US 20040049199 A1
A low insertion profile surgical reamer for cutting a bone socket comprises a cutting structure. The cutting structure is rotatable about a longitudinal axis. The structure has a static profile area upon insertion of the reamer into the bone socket and a dynamic profile area generated upon rotation, both profile areas lying transverse to the axis. The static profile area is substantially smaller than the dynamic profile area. The reamer includes centrally located holes (18), allowing it to be fixed to a tool holder.
1. A surgical reamer for cutting a bone socket, comprising,
a cutting structure rotatable about a longitudinal axis, having a static profile area upon insertion of the reamer into the bone socket and a dynamic profile area generated upon rotation, both profile areas lying transverse to the axis,
wherein the static profile area is substantially smaller than the dynamic profile area.
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3. The surgical reamer of
4. The reamer of
5. The reamer of
6. The reamer of
7. The reamer of
8. An acetabular reamer comprising,
a support structure rotatable about a longitudinal axis, presenting a plurality of cutting edges, the support structure further defining a static profile area upon insertion into the bone and a dynamic profile area which is circular, the dynamic profile area being generated upon rotation, both profile areas being transverse to the axis,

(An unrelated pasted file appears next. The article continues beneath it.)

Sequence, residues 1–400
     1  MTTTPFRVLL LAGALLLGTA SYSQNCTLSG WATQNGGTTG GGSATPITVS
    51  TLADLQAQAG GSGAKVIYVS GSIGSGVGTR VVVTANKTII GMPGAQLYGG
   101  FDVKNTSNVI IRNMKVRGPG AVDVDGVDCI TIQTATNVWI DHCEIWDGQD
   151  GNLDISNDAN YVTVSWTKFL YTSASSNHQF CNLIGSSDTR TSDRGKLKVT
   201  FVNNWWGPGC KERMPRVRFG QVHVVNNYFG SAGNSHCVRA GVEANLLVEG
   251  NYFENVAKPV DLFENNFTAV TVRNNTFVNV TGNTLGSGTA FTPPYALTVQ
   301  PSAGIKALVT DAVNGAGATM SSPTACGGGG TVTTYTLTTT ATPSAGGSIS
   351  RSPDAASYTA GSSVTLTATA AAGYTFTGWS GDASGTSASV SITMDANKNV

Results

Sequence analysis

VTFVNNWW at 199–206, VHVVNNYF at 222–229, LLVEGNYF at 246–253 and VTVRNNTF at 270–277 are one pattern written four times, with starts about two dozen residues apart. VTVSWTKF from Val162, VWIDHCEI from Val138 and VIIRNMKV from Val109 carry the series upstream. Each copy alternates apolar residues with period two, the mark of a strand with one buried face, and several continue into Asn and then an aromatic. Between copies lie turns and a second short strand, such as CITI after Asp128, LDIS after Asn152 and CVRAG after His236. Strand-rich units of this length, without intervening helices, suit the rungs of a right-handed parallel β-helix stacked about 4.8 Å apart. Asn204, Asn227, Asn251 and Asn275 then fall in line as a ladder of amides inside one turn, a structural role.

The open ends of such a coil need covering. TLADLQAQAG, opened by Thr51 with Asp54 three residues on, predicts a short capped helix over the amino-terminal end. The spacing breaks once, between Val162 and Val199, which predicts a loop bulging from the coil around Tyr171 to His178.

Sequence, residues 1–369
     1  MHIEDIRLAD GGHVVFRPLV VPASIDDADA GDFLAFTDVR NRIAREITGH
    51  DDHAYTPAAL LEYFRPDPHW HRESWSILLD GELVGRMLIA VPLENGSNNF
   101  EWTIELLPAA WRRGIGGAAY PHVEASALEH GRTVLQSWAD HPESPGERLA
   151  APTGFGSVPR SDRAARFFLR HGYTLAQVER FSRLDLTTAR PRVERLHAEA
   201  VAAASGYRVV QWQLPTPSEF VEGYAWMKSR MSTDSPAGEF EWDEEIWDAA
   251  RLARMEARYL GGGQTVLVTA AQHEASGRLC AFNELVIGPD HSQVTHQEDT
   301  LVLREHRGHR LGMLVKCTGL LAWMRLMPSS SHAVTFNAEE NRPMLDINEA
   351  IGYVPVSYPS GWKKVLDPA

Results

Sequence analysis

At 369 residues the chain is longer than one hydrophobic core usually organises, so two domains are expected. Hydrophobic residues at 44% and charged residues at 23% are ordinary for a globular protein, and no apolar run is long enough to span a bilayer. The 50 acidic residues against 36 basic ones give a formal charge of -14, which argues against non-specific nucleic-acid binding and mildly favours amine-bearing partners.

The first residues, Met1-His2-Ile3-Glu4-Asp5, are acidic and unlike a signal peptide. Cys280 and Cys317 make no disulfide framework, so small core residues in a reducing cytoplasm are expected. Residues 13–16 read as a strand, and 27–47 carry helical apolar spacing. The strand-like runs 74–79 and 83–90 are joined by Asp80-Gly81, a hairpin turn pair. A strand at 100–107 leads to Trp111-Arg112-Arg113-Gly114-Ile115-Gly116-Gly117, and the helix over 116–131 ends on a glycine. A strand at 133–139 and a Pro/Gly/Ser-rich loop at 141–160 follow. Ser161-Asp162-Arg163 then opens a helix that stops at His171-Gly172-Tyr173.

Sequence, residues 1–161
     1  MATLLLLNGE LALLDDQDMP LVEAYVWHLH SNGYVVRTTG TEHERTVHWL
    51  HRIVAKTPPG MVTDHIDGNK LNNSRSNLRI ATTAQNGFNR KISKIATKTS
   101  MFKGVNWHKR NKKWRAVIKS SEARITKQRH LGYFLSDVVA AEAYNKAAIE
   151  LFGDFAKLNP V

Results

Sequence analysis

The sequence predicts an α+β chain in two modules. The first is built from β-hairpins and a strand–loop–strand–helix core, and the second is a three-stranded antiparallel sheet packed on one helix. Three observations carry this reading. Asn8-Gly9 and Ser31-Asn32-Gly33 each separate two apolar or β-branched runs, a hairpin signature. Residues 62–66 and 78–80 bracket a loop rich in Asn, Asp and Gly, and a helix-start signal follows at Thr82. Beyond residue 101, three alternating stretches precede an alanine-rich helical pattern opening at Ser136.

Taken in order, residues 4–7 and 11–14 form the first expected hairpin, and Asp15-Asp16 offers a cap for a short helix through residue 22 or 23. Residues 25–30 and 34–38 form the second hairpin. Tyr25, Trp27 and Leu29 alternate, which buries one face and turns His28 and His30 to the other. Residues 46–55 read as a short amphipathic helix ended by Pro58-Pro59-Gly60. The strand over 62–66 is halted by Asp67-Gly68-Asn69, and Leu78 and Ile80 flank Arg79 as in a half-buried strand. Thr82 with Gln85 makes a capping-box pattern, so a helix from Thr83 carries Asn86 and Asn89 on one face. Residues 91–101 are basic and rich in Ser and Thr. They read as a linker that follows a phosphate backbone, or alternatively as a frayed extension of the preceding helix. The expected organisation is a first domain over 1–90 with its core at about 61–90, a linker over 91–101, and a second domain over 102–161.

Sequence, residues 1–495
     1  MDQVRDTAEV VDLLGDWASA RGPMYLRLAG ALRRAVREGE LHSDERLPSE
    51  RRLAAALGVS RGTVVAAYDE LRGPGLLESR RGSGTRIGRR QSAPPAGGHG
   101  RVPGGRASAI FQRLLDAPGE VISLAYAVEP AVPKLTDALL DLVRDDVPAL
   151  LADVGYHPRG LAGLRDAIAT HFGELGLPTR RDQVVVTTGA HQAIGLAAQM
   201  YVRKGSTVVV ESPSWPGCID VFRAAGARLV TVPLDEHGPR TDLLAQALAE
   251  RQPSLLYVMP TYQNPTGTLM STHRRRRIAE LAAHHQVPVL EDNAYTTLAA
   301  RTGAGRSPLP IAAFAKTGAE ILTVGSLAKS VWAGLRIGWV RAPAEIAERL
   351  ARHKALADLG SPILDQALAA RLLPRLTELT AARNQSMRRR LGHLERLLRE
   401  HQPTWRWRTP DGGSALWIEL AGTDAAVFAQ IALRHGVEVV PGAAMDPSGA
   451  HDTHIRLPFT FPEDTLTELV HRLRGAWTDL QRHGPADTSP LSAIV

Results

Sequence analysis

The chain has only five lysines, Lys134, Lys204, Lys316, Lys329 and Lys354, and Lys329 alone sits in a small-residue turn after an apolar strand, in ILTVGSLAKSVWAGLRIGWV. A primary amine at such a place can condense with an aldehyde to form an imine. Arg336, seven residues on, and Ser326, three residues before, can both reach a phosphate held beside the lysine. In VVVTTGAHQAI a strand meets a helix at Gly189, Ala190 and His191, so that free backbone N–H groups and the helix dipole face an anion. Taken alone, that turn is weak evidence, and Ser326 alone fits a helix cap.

wherein the reamer has a static profile area which is substantially smaller than the dynamic profile area.
9. The surgical reamer of
10. The reamer of
11. The reamer of
12. The reamer of
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14. A surgical reamer for cutting a bone socket, comprising two intersecting plates (1, 2), rotatable about a longitudinal axis (X-X) when mounted to a holder (6), the plates sweeping a circular cutting profile area (54) when rotated axially with the holder, wherein the plates present a two dimensional static profile area (52) in the form of a cross substantially smaller than the circular cutting profile area (54), wherein the plates have a holder interface (18) centrally located with the longitudinal axis, permitting a holder to have a small outside dimension so that when the holder and reamer are attached to each other in an assembled arrangement, the holder may sweep out a diametral area substantially smaller than the circular cutting profile area (54), thus permitting a substantially smaller incision for entry of the reamer into a body.
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26. A surgical reamer for shaping a bone socket in a patient, comprising: